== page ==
High density lipoproteins (HDL) are being recognized as a remarkably structurally and functionally heterogeneous group of particles in blood plasma. However, HDL is treated as a homogeneous lipoprotein type in epidemiological studies and in development and testing of treatments to reduce coronary heart disease (CHD). The concentration of HDL-cholesterol or its major protein apoA-I is a strong inverse risk factor for CHD. However, a consensus is developing that knowledge of the diversity of HDL in humans is needed to make progress on the meaning of a low or a high HDL level and how to use information on HDL to develop treatments that can lower CVD. HDL exists in a plethora of subpopulations defined by content of proteins that have diverse relations to risk of CHD. For example, the concentration of HDL that has apoC-III predicts increased rather than decreased risk of CVD, and HDL with apoC-III lacks protective functions possessed by the total HDL and HDL that does not have apoC-III. Concordance of abnormal function and increased CHD risk of certain HDL subtypes supports the key concept that apolipoproteins alter the function of HDL, and that this altered function is involved in effects of the HDL types on atherosclerosis and incidence of CVD. The first specific aim is to measure the plasma concentrations of HDL subtypes defined by their containing or not containing one or more of at least 60 proteins that have been found in HDL by proteomics. Each protein has a known function related to HDL or CHD such as effects on cells that participate in atherosclerosis;cholesterol transfer to and from cells and HDL;inhibiting oxidation or inflammation;hemostasis;and innate immunity. Each protein will define a pair of HDL subtypes, that either have or do not have a specific protein, e.g HDL with apoC-III, HDL without apoC-III. We will determine for each new type of HDL the range of its concentration and its stability over time in samples from representative populations. We will characterize the HDL types by lipid and protein contents and by size. We anticipate that data reduction will produce a panel of 20 or fewer pairs of HDL types for the second specific aim to evaluate for risk of CHD in two prospective US cohorts of women (Nurses'Health Study II) and men (Health Professionals Follow-up Study). In the third specific aim, we will select HDL types individually that have independent and strong relations to risk, and that add to the magnitude of relative risk, adverse or protective. We will devise a personalized risk index of HDL that combines the information on protective, nonprotective, and adverse types. We will also study indexes of HDL subtypes grouped according to the known major function of the protein, e.g. cholesterol transfer, hemostasis, oxidation, etc. This could be relevant to the particular etiology of a person's CHD. We will test how much the indexes built with novel HDL types together add to standard CHD risk prediction models. Our ultimate aim is to discover indexes that are useful in predicting CHD risk;evaluating response to diet and drug treatments;and discovering new specific HDL targets for development of drugs to prevent CHD.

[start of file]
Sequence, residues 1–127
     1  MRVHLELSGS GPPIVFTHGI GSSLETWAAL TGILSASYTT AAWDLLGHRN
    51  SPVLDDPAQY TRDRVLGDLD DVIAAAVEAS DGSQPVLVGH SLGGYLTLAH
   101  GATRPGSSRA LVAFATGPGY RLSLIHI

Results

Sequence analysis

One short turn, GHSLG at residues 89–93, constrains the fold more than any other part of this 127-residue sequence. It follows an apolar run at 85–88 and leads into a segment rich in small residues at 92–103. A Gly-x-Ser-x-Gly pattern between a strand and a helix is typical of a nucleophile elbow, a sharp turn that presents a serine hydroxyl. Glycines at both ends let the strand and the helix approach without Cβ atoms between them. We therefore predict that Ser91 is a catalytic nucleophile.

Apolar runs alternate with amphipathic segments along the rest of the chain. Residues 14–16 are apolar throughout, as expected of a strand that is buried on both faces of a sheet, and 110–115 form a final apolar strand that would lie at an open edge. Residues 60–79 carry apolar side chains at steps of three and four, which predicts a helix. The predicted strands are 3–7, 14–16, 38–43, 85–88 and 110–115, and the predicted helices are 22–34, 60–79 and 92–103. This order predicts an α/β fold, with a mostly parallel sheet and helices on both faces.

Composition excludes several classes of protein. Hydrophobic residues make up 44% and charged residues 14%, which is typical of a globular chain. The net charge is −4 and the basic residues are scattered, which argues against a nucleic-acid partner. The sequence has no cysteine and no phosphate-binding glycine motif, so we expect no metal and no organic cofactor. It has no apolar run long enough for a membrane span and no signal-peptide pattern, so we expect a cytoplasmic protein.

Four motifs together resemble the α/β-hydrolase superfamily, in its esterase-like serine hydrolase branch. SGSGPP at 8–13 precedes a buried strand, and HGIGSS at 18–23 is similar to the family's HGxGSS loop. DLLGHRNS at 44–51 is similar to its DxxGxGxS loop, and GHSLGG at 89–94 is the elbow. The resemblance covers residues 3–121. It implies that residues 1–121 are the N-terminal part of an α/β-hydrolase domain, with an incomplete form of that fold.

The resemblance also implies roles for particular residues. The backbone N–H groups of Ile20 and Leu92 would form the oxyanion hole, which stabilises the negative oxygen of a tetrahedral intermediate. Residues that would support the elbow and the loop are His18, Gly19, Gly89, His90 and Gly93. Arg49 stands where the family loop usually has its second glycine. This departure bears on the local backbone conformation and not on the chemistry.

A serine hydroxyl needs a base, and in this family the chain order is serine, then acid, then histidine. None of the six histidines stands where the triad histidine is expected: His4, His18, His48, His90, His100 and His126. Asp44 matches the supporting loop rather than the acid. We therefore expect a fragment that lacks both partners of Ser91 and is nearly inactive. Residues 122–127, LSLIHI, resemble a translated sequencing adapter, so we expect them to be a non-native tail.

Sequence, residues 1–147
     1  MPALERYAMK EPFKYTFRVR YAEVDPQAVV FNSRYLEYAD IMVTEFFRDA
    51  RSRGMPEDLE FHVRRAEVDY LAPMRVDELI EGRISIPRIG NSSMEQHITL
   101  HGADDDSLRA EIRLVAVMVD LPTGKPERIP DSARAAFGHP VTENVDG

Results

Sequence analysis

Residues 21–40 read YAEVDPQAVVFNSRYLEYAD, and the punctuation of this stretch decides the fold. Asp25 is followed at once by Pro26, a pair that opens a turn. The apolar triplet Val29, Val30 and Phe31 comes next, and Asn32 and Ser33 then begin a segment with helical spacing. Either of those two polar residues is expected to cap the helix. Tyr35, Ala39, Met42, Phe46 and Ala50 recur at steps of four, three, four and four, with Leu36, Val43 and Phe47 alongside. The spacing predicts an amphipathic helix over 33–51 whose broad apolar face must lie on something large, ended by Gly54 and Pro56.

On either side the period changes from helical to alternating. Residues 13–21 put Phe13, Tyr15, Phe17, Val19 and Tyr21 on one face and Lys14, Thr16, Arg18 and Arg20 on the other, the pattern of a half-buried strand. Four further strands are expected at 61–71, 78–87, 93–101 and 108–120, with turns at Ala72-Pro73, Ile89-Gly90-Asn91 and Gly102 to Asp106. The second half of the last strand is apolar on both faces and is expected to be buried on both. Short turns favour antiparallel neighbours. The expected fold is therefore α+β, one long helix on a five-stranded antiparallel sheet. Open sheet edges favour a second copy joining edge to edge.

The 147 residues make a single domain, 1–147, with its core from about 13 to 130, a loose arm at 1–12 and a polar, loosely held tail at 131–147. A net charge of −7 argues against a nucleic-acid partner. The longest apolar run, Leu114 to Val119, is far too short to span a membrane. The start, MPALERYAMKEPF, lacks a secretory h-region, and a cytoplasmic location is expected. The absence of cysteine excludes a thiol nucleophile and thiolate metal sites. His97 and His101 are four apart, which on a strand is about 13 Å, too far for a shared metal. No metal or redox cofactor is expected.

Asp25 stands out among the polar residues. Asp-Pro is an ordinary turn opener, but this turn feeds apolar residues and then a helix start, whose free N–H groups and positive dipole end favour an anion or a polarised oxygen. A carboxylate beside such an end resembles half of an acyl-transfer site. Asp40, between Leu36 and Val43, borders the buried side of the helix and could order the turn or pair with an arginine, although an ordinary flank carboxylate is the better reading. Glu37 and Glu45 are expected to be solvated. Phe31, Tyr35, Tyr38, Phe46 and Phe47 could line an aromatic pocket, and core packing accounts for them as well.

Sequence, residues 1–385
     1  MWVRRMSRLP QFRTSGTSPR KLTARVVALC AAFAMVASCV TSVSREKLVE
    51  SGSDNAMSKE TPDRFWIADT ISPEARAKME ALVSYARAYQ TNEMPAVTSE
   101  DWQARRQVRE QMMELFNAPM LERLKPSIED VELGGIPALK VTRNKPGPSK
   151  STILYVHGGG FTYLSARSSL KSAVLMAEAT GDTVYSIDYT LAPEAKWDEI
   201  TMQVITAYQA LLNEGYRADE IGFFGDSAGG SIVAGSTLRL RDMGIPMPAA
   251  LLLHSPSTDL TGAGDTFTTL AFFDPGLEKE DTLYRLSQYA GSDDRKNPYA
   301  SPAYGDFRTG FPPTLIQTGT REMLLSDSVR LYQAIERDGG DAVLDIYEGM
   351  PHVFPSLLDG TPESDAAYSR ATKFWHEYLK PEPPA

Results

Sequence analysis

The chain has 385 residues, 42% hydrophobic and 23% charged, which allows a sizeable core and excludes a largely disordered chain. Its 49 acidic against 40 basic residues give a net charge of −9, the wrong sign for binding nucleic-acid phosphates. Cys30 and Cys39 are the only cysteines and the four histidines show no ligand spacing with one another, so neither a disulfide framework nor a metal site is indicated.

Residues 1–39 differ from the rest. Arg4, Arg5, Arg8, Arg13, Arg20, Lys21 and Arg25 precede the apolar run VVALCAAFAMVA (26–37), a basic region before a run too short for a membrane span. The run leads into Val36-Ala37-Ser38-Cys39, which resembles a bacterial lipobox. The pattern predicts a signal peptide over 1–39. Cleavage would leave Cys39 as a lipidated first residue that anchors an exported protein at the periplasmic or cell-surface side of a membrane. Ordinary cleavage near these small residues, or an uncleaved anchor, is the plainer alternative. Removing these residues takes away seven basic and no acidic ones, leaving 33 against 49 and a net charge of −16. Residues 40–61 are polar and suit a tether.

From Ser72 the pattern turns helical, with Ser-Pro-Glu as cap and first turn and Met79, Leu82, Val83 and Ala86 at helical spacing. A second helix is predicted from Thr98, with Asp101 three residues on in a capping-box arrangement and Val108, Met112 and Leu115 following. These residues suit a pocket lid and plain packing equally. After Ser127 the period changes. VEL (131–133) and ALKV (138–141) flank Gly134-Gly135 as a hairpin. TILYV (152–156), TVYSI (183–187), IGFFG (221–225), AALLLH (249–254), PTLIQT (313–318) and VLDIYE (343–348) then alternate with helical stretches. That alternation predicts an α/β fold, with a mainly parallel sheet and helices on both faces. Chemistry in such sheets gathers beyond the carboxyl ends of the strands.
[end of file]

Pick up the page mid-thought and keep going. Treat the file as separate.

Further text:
The research proposed here builds on our previous work on HDL speciation that showed that the concentration of HDL with apoC-III predicts higher incidence of CHD. Many proteins are associated with HDL. The ultimate objective is to identify new types of HDL based on protein content that together are useful in risk prediction and then can be studied as targets for treatments that either increase or decrease HDL subtypes depending on their relation to CHD risk.
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